At this stage… [detectives from the UK’s Counter Terrorism Policing Network] are unable to say whether or not the nerve agent found in this incident is linked to the attack on Sergei and Yulia Skripal.

They are talking about a nerve agent supposedly found on the victims (even after their bathing prior to hospitalisation – see previous FBEL article). In order to establish that a murder has taken place, police need to link this material to a discarded object which then needs to be linked to the attempted murder of the Skripals – but this is not all. Police need to establish that an attempt was actually made on the Skripals’ lives, and that what happened to them was not accidental in itself. Of course, it’s a well known fact that there is no real progress in establishing that incident as a crime; as such, naturally, there are no real suspects. Remember, the police will by now have had a chance to interview the Skripals – it’s all too easy to forget that the Colonel and his daughter didn’t die. And yet it would appear, would it not, that they couldn’t throw any light, whatsoever, upon the supposed attack upon them? Evidence for an attempted murder was apparently absent even in a place where it might be most likely discovered. The British Government, having proclaimed the Russian State guilty, has been floundering ever since.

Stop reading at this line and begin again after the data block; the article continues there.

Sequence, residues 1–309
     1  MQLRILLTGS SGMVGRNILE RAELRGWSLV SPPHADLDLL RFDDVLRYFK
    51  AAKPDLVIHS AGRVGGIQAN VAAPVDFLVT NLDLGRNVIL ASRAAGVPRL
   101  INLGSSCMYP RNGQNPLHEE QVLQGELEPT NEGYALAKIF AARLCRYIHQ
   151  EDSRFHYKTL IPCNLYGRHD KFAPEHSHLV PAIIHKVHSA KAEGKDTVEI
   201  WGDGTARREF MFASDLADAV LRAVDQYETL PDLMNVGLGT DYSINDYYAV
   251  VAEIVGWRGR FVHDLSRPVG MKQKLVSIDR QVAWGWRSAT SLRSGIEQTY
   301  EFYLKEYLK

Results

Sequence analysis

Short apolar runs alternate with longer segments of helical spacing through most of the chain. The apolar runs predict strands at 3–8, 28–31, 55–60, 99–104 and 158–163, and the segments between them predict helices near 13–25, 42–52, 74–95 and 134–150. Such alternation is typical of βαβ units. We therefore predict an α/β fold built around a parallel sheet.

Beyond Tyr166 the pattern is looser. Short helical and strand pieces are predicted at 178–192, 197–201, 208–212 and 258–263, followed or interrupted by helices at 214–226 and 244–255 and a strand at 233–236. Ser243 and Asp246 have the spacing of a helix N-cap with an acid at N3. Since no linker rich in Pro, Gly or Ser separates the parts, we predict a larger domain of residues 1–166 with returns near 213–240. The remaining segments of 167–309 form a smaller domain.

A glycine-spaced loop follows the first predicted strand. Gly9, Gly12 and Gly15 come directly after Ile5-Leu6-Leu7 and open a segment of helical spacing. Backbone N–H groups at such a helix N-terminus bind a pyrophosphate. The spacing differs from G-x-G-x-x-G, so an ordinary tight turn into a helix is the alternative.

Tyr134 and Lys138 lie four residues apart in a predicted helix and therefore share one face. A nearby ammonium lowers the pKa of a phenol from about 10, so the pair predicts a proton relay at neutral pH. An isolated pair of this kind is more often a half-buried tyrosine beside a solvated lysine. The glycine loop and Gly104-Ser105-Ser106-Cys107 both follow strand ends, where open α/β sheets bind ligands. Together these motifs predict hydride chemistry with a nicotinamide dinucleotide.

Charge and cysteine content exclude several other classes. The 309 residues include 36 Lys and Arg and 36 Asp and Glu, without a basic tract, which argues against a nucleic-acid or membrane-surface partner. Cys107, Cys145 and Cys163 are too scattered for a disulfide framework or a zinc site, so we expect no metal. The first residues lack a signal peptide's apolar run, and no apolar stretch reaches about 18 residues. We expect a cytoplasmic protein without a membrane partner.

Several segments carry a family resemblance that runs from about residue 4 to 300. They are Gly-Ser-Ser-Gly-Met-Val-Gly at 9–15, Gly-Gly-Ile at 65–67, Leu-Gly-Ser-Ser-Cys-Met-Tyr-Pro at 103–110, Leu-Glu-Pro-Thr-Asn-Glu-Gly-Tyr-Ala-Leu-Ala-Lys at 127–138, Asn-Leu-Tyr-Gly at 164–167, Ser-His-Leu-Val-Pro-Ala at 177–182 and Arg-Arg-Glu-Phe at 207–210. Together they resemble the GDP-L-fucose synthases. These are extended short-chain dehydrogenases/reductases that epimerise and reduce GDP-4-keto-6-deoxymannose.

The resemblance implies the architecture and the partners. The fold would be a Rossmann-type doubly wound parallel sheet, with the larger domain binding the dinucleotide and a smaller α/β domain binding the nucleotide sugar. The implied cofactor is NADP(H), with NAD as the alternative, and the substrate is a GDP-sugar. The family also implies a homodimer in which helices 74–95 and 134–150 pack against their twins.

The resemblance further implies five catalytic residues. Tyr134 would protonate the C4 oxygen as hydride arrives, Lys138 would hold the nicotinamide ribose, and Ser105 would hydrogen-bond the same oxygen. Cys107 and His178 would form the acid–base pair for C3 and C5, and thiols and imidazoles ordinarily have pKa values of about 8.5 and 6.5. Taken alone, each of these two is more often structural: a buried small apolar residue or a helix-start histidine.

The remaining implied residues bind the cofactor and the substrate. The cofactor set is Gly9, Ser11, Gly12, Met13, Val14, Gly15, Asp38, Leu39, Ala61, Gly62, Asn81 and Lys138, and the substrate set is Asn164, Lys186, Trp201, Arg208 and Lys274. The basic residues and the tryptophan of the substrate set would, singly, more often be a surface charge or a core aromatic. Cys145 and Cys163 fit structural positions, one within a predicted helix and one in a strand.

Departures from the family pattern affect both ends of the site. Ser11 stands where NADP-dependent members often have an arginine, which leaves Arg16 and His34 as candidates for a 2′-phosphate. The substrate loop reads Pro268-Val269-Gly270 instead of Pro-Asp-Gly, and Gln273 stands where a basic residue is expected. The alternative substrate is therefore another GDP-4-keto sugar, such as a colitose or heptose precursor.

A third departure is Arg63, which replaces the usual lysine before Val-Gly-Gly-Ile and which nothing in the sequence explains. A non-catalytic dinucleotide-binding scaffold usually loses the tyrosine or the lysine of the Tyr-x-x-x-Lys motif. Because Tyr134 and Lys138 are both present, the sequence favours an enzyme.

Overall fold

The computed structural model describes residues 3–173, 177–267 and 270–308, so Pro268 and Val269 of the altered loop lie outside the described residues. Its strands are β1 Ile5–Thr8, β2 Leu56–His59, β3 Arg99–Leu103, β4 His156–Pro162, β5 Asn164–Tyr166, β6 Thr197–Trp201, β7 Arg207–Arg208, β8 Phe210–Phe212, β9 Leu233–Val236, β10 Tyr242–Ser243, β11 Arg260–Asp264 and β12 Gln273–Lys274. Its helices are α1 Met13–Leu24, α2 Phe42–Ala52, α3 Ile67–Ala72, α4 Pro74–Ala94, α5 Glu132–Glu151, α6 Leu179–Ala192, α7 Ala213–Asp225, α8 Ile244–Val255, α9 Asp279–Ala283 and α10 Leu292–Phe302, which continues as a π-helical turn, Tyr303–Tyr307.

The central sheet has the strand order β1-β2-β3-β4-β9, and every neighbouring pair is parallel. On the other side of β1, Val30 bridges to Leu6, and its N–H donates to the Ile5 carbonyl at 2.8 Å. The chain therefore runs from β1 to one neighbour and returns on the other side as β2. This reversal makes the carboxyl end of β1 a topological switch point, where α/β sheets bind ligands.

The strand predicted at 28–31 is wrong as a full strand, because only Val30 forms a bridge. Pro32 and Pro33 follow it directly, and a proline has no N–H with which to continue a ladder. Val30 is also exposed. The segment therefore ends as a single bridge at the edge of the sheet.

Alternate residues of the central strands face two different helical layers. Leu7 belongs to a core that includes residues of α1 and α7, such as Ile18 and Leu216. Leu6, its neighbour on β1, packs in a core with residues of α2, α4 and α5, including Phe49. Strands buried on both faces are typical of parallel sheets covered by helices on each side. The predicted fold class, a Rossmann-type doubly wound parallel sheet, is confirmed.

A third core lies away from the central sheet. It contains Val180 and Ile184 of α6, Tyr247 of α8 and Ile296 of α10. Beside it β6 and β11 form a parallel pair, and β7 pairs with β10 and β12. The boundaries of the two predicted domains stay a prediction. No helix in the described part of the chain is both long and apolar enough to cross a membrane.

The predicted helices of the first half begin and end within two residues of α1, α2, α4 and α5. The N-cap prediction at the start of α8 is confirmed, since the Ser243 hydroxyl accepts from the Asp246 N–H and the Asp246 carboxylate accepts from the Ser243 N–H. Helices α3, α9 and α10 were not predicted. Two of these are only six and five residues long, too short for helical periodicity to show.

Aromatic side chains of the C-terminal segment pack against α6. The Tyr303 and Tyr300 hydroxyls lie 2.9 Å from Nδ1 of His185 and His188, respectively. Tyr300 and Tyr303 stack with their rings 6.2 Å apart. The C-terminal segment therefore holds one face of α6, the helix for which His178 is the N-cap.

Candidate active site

Of course now, and it is rather convenient in the circumstances just described, the death of Sturgess facilitates a hunt that can come to fruition, and can be stacked upon the construction of Russian culpability insisted upon by the British Government. This is why the Independent reports something that would have been considered ludicrous in the pre post-normal age:

A mother-of-three who was accidentally exposed to novichok has died in hospital as the hunt for the object that killed her continues.

The object killed her – not a murderer. The object killed Dawn Sturgess. This is really why there isn’t a hunt for a murderer; the actual identity of the murderer is surplus to requirements. The hunt is on for the culpable object: the one by which the British Government can appeal to the court of public opinion, and call a death a murder, and by which a crime can be used to malign Russia. That this strategy is at work is reflected in the abovementioned Met Police statement:

The investigation must be led by the evidence available and the facts alone. Our focus and priority at this time is to identify and locate any container that we believe may be the source of the contamination.

In the next instalment, what it really means that Dawn Sturgess and Charlie Rowley look like the Snap Fitness 24/7 Bonnie and Clyde.